The first in a series of plans that would help to double the number of cycling journeys and substantially increase walking in County Durham will be discussed next week.
Durham County Council’s Cabinet is being asked to formally adopt the Local Cycling and Walking Infrastructure Plans (LCWIPs) for three towns when it meets next week.
The plans, which are set to be adopted for Chester-le-Street, Durham City and Newton Aycliffe, are the first of 12 which the council has committed to producing in order to prioritise investment in walking and cycling infrastructure and encourage active travel.
It is hoped they will help double the number of cycling journeys, significantly increase walking, reduce the number of cyclists killed or injured each year and increase the percentage of school children that walk to school.
The plans will also support the council’s ambitions to develop active travel more broadly across the county, building on a number of infrastructure schemes, projects and campaigns already in place to encourage more people to walk and cycle.
Chester-le-Street, Durham City and Newton Aycliffe have been chosen as the first three towns as they are sited on the line of the Great North Cycleway, linking the north and south of the county.
As well as improving walking and cycling infrastructure across the county, the plans will also help the council to apply for further funding, with the Government prioritising funding for authorities which have developed such plans.
Following the completion of the first three plans, funding has already been secured from the Government’s Active Travel Capability Fund to continue the work in nine other towns in County Durham: Barnard Castle, Bishop Auckland, Consett, Crook, Peterlee, Seaham, Shildon, Spennymoor and Stanley.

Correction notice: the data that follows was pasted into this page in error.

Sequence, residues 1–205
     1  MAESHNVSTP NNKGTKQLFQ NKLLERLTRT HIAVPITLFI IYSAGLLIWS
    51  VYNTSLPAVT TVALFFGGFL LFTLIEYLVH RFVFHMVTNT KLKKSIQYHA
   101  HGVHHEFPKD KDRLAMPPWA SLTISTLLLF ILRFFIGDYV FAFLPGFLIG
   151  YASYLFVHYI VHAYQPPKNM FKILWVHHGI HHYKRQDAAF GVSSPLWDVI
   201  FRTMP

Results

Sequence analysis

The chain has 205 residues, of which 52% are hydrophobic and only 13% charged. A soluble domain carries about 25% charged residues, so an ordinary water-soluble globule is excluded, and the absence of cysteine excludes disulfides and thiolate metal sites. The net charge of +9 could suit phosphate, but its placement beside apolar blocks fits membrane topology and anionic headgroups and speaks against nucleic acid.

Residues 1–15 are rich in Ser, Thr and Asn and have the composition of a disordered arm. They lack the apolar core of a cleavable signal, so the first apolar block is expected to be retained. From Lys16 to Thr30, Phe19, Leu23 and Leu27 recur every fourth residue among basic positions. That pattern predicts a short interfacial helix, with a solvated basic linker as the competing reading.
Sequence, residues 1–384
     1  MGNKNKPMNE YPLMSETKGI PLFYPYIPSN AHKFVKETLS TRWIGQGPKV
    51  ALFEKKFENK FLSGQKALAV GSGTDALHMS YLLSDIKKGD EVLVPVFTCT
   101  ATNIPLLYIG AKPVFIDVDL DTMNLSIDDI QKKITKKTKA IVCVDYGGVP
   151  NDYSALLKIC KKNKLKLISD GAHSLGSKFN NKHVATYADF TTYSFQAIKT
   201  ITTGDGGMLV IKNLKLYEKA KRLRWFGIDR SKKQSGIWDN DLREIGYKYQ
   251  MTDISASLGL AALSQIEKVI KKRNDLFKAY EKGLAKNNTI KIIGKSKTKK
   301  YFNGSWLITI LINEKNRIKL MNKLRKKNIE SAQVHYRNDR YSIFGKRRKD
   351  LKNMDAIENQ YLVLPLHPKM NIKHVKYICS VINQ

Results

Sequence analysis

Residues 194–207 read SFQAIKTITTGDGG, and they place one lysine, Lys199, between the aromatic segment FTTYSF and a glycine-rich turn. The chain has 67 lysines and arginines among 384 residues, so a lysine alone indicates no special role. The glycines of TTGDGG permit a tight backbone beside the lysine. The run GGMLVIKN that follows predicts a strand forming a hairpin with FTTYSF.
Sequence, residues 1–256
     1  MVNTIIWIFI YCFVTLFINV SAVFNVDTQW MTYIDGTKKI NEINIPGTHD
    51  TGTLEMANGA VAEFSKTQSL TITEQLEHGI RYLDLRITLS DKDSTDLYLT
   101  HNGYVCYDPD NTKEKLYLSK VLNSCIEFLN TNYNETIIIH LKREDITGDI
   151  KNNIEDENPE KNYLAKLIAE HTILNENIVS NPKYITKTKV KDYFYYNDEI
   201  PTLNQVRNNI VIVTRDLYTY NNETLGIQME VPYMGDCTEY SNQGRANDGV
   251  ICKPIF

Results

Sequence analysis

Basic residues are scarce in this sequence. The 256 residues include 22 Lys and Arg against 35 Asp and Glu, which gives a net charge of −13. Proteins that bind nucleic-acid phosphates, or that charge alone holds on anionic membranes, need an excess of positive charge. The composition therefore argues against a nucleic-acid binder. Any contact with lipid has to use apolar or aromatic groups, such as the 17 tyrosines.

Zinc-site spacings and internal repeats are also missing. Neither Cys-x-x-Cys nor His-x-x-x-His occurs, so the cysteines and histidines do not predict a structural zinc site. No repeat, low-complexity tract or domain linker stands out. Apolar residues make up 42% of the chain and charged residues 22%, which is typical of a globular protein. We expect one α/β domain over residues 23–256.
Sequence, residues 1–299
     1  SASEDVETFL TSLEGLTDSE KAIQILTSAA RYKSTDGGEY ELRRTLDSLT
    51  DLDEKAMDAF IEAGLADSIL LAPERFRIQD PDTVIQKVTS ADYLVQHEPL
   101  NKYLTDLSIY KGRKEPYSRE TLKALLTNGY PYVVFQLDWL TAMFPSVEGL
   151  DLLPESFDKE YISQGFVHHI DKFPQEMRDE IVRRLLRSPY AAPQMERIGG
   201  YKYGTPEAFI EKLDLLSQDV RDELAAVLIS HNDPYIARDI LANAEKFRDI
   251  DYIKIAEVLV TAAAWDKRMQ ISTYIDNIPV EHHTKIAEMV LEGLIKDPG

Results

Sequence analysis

A town-based approach has been chosen because of the rural nature of the county, enabling more people to walk and cycle more often for everyday journeys.
Cllr Elizabeth Scott, Durham County Council’s Cabinet member for economy and partnerships, said: “The Local Cycling and Walking Infrastructure Plans are a key priority for us. They allow us to identify the cycling and walking improvements that are required to increase active travel for everyday journeys, helping us to promote it and support people to live longer and healthier lives.
“The plans will also help us to develop sustainable transport further across the county as we look to make infrastructure improvements for the future. By making the case for future funding from the Government, we can offer better transport options to residents and enable them to travel actively and sustainably, for both work and leisure purposes.”
As part of the plans, three priority routes will be taken forward for each town once funding is secured. In Chester-le-Street, these are from the Drum Industrial Estate to the town centre; the railway station to the town centre and from Waldrige Road to the town centre.
Priority routes in Durham will see infrastructure developed from Belmont to the city centre; Cock o’The North to the city centre and Gilesgate to Durham University. And, in Newton Aycliffe, priority routes will be from the town centre to Aycliffe Business Park, the railway station to Cobblers Hall and Stephenson Way.
Further consultation will be undertaken once funding is in place to develop the schemes.